This is an ongoing series featuring responses to questions that were submitted for our summer 2008 Church Family fellowship discussion that we did not get time to discuss.
In 2 Samuel 12:24-25, it says the Lord sent word through the prophet Nathan to name the son of David and Bathsheba "Jedidiah." So, why was he called "Solomon"?
Here’s the passage in question:
2 Samuel 12:24 Then David comforted Bathsheba his wife, and went in to her and lay with her. So she bore a son, and he called his name Solomon. Now the LORD loved him, 25 and He sent word by the hand of Nathan the prophet: So he called his name Jedidiah, because of the LORD.
It appears that the son of David and Bathsheba was given two names. The first was the name "Solomon" given him by his parents. The second was the name "Jedidiah" given him by the Lord through the mediation of the prophet Nathan.
The second name has spiritual significance. In Hebrew it literally means "Beloved by the LORD." The name was likely given by God as a sign of assurance to David in particular. David had committed adultery with Bathsheba and arranged the murder of her former husband (see 2 Samuel 11). Nathan had confronted David in his sin, saying, "You are the man!" (2 Samuel 12:7). David then repented: "I have sinned against the LORD" (2 Samuel 12:13). Psalm 51 was written by David to express his repentance for his sin. Still, however, there were consequences for David’s actions. The Lord "struck the child that Uriah’s wife bore to David, and it became ill" (2 Samuel 12:15). Eventually, the child died. The name God gave to Solomon through Nathan was, therefore, an expression of assurance to David. This child would be beloved by the Lord. God would preserve this child’s life and even, one day, set him on the throne of Israel.
It is not uncommon in the Bible for the Lord to give a spiritually significant name to a person. Jacob, for example, is given the new name of "Israel" in Genesis 32:28 ("Your name shall no longer be called Jacob but Israel, for you have struggled with God and with men, and have prevailed."). The Lord also gave spiritually significant names to the sons of the prophet Hosea (cf. Hosea 1:4, 6, 9).
2 Samuel 12:25 is the only place in the Bible where Solomon is referred to by the name "Jedidiah," and it is the only place where this word appears in Scripture. "Solomon" obviously became the name by which the child was primarily known.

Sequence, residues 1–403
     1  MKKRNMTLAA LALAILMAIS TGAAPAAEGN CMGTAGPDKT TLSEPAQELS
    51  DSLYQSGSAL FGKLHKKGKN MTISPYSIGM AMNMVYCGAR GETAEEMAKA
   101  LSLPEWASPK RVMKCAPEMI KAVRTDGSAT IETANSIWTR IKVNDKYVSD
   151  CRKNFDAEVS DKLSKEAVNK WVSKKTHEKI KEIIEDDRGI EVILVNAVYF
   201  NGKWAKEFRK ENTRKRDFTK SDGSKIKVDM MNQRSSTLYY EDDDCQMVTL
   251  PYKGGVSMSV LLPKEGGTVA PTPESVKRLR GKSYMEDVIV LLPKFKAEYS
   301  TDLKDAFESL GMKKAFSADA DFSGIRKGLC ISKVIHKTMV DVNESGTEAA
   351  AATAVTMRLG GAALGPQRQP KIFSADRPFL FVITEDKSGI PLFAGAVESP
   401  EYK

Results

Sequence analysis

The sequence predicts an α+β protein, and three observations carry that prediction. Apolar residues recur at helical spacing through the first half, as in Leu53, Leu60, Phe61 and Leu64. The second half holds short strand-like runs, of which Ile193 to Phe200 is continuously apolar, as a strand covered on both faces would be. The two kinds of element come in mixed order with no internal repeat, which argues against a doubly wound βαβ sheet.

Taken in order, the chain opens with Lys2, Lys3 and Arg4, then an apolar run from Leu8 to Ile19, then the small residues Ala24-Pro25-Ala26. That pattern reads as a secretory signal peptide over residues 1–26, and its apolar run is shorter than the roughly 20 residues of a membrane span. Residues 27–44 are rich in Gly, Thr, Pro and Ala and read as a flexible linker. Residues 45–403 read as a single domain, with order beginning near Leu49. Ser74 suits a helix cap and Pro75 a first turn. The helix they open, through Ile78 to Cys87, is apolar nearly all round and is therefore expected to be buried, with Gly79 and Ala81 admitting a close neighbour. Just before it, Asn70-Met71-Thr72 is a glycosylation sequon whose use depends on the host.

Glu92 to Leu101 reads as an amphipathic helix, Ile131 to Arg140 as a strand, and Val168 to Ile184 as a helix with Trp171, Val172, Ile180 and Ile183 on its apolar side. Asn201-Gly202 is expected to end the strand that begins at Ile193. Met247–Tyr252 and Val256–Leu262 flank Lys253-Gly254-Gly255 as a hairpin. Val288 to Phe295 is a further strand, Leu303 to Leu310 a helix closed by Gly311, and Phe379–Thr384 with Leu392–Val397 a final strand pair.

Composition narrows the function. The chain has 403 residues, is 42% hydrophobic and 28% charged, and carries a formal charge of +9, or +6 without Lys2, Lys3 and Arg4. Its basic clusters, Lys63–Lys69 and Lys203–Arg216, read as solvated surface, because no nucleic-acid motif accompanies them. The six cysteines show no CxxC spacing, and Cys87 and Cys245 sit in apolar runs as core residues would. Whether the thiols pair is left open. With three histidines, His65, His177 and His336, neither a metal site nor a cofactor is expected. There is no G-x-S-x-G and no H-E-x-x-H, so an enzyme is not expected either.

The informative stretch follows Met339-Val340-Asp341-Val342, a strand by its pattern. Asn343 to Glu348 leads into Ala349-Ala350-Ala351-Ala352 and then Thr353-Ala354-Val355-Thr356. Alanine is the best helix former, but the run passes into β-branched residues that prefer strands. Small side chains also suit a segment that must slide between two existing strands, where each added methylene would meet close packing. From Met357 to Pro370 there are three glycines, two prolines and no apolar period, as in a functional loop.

Amen. I had been doing a study on 2 Samuel 12, and came upon this, and thought David was in rebelion, or that there had to be an answer! You answered it for me. Answered from Scripture, was a question about Scripture... God's Will be done
The comparison doesn't sound that accurate. Jacob had his name changed with understanding of it given to him an he received the name Israel gladly. 2 names were given to one child by 2 different people in referring to solomon/jedidiah.
Typically, Jewish parents named their children based on the birth experience or their current circumstances in life (Esau & Jacob; the prior is named because he was unusually hairy and the latter, heel catcher, because he came out right behind his brother).
It's possible David, having gone through a stage of rebellion and separation to the Lord, was just wanting to be near the heart of God again. And the text says in 2Samuel 12:25 that God sent a message to David and he called his son Jedidiah because of the Lord. It is possible that having gone through all of this that David was now at peace, like a sheep before his shepherd.
Therefore naming his child Shelomoh or Peace in Hebrew, because he now has peace WITH God and is walking in the peace OF God.
(Also go read psalm 51, the song he wrote in light of his sin with Bathsheba. At one point he begged God not cast him away from His presence... now he has peace)
I amppositive I read a long time ago that Solomon died by being killed by one of his sons.
I have not been able to find it again.
But once I was asked to prove my knowledge and faith by answering this question.
The man who asked me said yes.
Please can you help me find the portion that tells of this.
Thank you so very much.
What's weird is that he is not called Jedidiah throughout the rest of Scripture, which runs counter to the example of God re-naming people.
Yes, that is weird. Perhaps David, though grateful that his son would be "beloved of the Lord", didn't want "Jedidiah" to be his son's actual, official name, for reasons that might not reflect well on David.
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